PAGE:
Becoming by Michelle Obama

I am new to the genre of biographies. In fact, Becoming is my very first read and I didn’t really know what to to expect, but I still bought Michelle Obama’s biography from Copenhagen Airport because I liked whatever little I had seen, heard and read about the former FLOTUS.

It took me MANY months to finish the book, for a number of reasons. For starters, I have lost my reading mojo. It has become increasingly difficult for me to focus and read. Second, the genre isn’t particularly exciting. Third, I finished the first half in about a week, and the second half took about 4 months, because life was relatable until she became FLOTUS.

Let’s start with the story – it’s about Michelle Obama’s life, from early childhood to the day she begrudgingly welcomed Trump and Melania into the White House. She details her struggle as a black girl in a predominantly black neighbourhood, the role her family plays in her life’s trajectory and her only tool to rise above and reach for her dreams – education.

It then goes on to explore her love life, with the man that she has now been married for 28 years now. It is in these chapters that I found the desire to continue reading and learning. She talks about how different they were, from upbringing to aspiration and life plans, yet they conquered all of life’s road blocks like a team that they are. It highlights the need for space, respect and trust in a relationship, and that not everything needs to be done together.

It was through this book that I learnt that Michelle, like many of us, had a plan for her life. And exactly like many of us, she also learnt that plans usually don’t pan out – for better or for worse. She got through Harvard, landed a good job, was up for a promotion, when she decided to change paths to better accommodate her present priorities. A lifetime towards a destination, only to realise that the end is but a right turn.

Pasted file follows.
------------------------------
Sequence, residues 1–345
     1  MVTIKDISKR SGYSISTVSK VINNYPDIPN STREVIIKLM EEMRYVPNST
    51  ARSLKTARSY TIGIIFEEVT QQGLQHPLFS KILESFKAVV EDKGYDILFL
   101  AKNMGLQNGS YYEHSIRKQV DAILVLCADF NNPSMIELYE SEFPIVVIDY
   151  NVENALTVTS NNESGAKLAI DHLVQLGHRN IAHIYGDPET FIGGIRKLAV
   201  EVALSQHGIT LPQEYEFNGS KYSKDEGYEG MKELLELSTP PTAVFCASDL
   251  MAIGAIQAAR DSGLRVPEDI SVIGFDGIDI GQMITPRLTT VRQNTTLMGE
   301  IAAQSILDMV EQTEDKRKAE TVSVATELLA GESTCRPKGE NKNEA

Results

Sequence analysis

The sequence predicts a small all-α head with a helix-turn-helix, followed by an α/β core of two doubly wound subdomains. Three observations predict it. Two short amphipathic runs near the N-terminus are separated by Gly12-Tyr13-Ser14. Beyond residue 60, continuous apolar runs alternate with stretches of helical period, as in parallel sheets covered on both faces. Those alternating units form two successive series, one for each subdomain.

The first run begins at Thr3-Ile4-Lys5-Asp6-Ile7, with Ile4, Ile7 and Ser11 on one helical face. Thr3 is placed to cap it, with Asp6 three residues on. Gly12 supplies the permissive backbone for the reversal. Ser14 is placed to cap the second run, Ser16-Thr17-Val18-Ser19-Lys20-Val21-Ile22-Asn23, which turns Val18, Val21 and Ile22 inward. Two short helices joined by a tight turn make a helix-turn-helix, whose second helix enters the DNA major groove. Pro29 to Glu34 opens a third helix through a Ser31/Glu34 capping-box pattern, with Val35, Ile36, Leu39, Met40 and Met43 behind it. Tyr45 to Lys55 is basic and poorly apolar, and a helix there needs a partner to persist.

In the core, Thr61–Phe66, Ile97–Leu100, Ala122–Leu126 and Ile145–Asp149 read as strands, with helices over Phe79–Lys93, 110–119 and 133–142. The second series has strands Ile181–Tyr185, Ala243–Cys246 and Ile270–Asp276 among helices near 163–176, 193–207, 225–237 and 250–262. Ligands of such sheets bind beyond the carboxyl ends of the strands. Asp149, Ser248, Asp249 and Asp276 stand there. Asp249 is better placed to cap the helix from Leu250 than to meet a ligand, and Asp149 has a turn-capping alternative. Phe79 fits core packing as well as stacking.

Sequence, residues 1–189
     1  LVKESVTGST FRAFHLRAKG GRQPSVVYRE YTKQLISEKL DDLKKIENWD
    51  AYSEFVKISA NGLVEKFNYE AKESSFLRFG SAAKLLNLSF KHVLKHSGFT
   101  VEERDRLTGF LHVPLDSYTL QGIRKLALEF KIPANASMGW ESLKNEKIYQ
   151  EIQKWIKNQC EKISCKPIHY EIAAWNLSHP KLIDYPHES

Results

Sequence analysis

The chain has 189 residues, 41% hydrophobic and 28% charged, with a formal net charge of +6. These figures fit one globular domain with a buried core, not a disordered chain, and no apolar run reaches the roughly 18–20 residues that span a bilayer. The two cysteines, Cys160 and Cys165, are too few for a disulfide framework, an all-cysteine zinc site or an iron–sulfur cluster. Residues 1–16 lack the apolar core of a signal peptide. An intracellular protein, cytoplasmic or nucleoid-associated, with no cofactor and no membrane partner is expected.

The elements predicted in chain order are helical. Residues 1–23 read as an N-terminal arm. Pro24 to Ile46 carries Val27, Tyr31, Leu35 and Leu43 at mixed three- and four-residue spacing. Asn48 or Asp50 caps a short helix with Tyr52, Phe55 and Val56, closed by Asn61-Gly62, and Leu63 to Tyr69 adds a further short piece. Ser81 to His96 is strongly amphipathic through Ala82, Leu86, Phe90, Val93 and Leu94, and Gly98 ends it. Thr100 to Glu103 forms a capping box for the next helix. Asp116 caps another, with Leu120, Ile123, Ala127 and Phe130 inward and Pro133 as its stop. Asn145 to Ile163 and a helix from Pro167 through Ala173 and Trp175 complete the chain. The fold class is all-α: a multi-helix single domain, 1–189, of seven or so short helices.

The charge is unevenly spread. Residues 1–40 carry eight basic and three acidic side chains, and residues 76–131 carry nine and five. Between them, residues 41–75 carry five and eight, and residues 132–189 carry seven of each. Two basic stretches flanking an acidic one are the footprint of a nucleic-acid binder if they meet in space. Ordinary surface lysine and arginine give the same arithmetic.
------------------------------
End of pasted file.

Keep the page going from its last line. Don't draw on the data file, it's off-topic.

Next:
As a woman, of colour, in a country that can be extremely unpredictable, she has managed to be inspirational for many, including me. Her struggles to reach beyond her means, her integrity, her grace in letting go when the time came, her devotion to her family, her resolve to be more than her relationships (even when they included being the wife of POTUS), her kindness towards the staff, her resolve to make American children eat better and fight obesity, her ability to learn, unlearn and relearn, and many more such life experiences that can teach us a thing or two about winning at life.

It also deserves a mention that the book is very well-written and edited to a crisp. If something became too repetitive, it was only proverbially mentioned when required; important bits, like the causes that she was most invested in, made repeated appearance but with just enough gap to remain interesting.

And above all, I loved how she kept her story relevant, even though her life and journey are far from ordinary. She focused on the human aspects, positive as well as negative emotions, core values than the view from bullet-proof window of her house – she managed to keep it all real and relatable, and that for me is reason enough to recommend it.

While I was reading it, I felt differently. It was frustrating to not reach the end already. As I mentioned, it is a big book, and needs time. But in retrospect, I feel warm and happy when I think about it. It is a good story, of a life lived well, dotted with valuable lessons and quotable quotes. And I think you should read it too.